How Early Intervention Systems Can Help Law Enforcement Officers Struggling With Trauma

How Early Intervention Systems Can Help Law Enforcement Officers Struggling With Trauma

How Early Intervention Systems Can Help Law Enforcement Officers Struggling With Trauma 


In addition to detecting and deterring misconduct, early intervention systems (EIS) give agencies tools to support law enforcement officers who may be struggling with work-related trauma.  

Because trauma affects the human brain in so many different ways and traumatic incident triggers can be so insidious, it can be difficult to predict the long-term impacts of trauma on individual officers. The impacts of trauma may be apparent immediately or it may take years of long-term traumatic stress exposure for an individual’s behavior to be affected. The types of trauma the officer was exposed to, the frequency, the officer’s mental state, and many other factors all play a part in determining the outcome. 

Tools like early intervention represent the dual responsibility law enforcement agencies must shoulder: 

  • To the public: Better prepared officers, who are comfortable reaching out for help and receiving it, are less likely to experience significant behavioral changes that could negatively impact interactions with the public. 
  • To personnel: A system designed to mitigate—as much as it can—the unique stressors of law enforcement reduces the psychological burdens the industry must place on ground-level employees. 

A Brief Look at the Effects of Work-related Trauma in Law Enforcement 


Work-related trauma is unfortunately common aspect for first responders. 

Daily stress, violent situations, and even internal pressures can take a toll, with disastrous consequences if left unaddressed: suicide, deterioration of personal relationships, addiction, poor health, and more.  

Moreover, law enforcement work often comes with both direct and indirect exposures to trauma: 

  • Direct trauma: Direct exposure to trauma is any first-hand involvement with the critical incident, such as a physical altercation with a suspect or an officer-involved shooting.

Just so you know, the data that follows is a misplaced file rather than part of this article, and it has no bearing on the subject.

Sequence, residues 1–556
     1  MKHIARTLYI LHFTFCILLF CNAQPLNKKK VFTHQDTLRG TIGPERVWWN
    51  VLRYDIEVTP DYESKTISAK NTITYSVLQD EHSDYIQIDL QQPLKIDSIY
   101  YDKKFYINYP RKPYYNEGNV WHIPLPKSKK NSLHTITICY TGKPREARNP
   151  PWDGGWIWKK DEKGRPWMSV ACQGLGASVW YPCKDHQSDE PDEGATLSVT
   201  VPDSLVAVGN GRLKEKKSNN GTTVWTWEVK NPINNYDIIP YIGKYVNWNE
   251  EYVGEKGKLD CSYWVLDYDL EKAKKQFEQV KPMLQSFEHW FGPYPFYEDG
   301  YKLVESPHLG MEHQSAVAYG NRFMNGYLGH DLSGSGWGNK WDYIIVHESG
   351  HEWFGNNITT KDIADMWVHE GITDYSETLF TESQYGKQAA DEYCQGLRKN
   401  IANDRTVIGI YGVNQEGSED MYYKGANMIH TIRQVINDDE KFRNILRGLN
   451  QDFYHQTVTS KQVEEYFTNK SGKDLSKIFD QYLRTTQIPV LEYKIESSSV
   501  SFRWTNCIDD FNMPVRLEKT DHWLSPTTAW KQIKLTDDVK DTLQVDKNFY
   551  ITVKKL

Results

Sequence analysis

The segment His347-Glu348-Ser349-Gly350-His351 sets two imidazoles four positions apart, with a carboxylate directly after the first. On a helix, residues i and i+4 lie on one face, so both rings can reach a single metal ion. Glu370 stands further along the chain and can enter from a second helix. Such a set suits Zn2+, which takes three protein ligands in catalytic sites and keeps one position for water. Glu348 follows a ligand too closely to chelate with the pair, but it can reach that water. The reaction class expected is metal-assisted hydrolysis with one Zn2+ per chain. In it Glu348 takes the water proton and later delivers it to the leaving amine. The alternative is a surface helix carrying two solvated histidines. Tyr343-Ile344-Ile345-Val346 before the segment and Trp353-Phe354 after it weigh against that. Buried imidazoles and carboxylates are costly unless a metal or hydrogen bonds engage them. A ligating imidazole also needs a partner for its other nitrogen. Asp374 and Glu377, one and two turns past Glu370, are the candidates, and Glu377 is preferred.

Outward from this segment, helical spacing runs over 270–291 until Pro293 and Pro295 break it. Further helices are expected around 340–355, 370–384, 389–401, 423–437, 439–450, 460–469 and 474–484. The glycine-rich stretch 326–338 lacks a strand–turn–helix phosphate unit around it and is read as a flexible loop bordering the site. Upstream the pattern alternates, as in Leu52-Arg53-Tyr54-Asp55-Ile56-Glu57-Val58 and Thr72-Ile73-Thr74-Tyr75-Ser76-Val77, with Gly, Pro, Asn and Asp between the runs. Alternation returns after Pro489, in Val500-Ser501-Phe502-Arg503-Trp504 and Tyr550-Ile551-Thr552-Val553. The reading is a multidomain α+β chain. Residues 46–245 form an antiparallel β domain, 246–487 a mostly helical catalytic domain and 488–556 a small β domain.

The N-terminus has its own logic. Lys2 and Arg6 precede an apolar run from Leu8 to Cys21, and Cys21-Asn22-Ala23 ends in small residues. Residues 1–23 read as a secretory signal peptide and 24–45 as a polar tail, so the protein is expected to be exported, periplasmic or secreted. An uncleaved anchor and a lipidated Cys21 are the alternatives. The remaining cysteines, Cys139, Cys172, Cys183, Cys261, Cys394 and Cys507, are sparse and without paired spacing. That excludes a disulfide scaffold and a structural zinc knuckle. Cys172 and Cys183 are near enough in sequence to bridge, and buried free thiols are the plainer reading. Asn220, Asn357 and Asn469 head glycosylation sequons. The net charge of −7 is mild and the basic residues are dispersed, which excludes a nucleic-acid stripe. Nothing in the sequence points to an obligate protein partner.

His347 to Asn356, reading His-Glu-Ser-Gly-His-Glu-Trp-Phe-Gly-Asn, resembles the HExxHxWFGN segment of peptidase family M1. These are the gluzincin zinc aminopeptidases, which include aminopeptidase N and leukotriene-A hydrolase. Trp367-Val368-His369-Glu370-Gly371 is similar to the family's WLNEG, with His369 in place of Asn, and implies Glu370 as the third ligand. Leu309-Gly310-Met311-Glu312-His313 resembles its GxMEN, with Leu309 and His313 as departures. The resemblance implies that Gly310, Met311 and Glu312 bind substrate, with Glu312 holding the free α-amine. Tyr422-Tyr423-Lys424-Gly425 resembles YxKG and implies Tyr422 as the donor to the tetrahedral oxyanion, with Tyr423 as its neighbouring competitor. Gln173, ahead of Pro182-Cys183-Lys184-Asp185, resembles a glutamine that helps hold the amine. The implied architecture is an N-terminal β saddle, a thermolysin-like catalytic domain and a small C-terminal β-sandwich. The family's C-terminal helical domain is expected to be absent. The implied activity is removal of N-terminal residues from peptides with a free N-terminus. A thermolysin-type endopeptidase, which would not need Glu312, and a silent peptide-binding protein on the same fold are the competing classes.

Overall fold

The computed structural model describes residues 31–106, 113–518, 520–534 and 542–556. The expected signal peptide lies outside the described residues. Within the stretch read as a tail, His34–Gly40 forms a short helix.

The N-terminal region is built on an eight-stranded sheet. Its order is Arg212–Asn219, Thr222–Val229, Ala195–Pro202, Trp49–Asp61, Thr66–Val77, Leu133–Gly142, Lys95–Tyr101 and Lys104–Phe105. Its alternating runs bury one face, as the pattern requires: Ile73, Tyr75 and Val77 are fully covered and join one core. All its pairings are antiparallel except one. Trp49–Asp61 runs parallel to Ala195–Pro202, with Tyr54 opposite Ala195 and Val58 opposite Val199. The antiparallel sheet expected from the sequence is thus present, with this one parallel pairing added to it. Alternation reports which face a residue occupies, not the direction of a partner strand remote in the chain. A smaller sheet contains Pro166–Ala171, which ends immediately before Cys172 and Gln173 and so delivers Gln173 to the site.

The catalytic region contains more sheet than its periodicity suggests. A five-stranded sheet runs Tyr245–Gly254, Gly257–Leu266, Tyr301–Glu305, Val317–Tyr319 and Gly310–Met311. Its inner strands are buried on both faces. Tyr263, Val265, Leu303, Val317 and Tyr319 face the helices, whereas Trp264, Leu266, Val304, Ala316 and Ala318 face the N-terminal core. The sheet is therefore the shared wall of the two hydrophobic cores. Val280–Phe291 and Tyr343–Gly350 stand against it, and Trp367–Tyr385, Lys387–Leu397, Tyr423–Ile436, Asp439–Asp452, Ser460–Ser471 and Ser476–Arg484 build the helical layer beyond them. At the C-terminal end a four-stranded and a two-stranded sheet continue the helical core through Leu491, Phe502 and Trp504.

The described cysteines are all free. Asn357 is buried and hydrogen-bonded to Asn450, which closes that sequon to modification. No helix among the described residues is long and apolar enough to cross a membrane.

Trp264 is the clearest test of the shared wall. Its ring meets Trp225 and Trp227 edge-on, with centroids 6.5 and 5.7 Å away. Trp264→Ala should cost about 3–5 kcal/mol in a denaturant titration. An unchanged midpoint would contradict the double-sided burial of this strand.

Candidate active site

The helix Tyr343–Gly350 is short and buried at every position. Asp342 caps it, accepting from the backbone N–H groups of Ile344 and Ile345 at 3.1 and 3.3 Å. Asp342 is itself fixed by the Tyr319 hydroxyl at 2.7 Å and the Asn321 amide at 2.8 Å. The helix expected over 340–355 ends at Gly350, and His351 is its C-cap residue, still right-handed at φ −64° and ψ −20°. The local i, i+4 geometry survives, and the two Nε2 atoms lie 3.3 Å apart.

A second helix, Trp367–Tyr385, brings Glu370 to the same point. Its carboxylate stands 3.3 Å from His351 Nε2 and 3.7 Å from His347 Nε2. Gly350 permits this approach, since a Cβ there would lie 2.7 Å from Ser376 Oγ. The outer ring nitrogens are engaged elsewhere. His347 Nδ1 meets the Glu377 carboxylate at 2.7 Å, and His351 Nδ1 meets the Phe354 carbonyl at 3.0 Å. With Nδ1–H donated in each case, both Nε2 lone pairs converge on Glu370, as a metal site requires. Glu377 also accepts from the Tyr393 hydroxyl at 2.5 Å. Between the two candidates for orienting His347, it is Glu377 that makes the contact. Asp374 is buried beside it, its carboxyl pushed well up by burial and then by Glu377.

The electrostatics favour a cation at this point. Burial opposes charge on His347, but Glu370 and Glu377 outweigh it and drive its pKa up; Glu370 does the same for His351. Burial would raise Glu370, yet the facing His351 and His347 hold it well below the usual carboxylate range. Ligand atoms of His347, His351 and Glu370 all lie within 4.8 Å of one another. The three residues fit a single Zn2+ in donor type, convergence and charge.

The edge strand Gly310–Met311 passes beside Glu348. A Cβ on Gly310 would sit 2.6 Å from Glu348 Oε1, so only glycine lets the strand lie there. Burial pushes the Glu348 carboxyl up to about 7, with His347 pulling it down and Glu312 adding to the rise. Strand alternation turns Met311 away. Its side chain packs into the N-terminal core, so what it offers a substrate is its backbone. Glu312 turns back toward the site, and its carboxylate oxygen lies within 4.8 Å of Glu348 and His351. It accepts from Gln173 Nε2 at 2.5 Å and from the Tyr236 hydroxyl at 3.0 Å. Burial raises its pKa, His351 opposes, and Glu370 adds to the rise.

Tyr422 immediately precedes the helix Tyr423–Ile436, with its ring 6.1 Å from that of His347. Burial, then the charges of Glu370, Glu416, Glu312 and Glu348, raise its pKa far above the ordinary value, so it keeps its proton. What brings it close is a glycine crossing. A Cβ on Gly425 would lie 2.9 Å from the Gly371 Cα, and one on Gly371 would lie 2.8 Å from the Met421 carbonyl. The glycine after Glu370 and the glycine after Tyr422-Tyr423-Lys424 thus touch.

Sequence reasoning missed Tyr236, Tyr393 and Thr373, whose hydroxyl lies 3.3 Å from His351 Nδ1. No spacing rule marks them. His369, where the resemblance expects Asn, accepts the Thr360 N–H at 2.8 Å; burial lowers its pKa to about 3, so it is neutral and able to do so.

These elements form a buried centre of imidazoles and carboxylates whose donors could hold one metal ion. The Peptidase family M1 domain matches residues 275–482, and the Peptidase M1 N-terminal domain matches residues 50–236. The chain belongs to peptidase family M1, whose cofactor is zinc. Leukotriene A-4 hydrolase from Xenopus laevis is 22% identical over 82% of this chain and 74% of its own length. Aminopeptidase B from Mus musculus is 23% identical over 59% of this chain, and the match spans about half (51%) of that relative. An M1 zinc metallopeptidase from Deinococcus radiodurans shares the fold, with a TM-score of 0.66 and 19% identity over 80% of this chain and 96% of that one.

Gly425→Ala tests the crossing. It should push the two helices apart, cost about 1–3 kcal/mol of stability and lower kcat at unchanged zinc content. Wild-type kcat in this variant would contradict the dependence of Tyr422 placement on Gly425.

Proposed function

• Indirect trauma: Indirect exposure to trauma is a secondhand interaction with the critical incident, such as listening to witness testimony or reviewing evidence. 

In addition, officers may be subjected to acute trauma or chronic trauma. Acute trauma exposures are the result of a single critical incident, such as a line of duty death, whereas chronic trauma exposures are the result of prolonged trauma, such as constant fear for one’s life or smaller exposures that build up over time. 

When it comes to trauma, an early intervention system will focus mainly on the accumulation of acute traumas, but this is up to the organization and the tracking tools they use. 

Tips for Tracking Trauma with an Early Intervention System 


While every early intervention system will depend on an individual agency’s needs and wants, most organizations can benefit from the following tips. 


Be on the lookout for critical incidents 

It seems like obvious advice in an article focused on trauma, but a system that offers no place for noting critical incidents fails to help officers from the start. Your system should provide a transparent, concise platform for recording traumatic exposures and looking for patterns. 


Offer follow-up services after critical incidents 

In some situations, it is apparent that a specific critical incident should be added to an officer’s file. In others, more subtle traumas or their effects may accumulate. 

In either instance, an early intervention system flagging trauma should result in some sort of support for the officer. In other words, what does your organization do for officers once the recommendation has been made? 

Key pieces for supporting mental wellness and maintaining the mental health of the agency include: 

  • Optional or mandatory counseling depending on the category and exposure 
  • Peer support groups 
  • Mandatory PTO or other work-life balance initiatives 
  • Providing mental health and critical incident-related training 


Know the results AND the outcomes of work-related trauma 

In some instances, noting an officer has hit “thresholds” of trauma can prevent adverse incidents from taking place and save careers. 

The reverse can also be true. Certain types of concerning behavior can indicate that an officer has experienced an influx of workplace trauma. 

Systems should be configured to look for both, with high-level categories that might include: 

  • Use of force incidents in a given time frame 
  • Public complaints 
  • Internal conduct complaints 


Embrace peer support 

Nobody understands cops better than other cops. 

Agencies can use this sense of fraternity to push programs that allow traumatized officers and others with direct experience to talk about their problems, which is one of the best ways to work through traumatic incidents. 


Take work-related trauma seriously as part of your organizational culture 

Adding early trauma flagging in your early intervention system is a good start, but how do you continue from there? If your organization doesn’t approach critical incidents with due respect from the top, it’s illogical to expect those in the rank and file to do the same. 

Let your people know trauma is something you are committed to helping them with and offer multiple ways to raise issues as they arise. Addressing mental health is crucial to your officers’ long-term health and their ability to serve the community. 


To learn more about how an early intervention system can benefit your agency, please request a demo today. 

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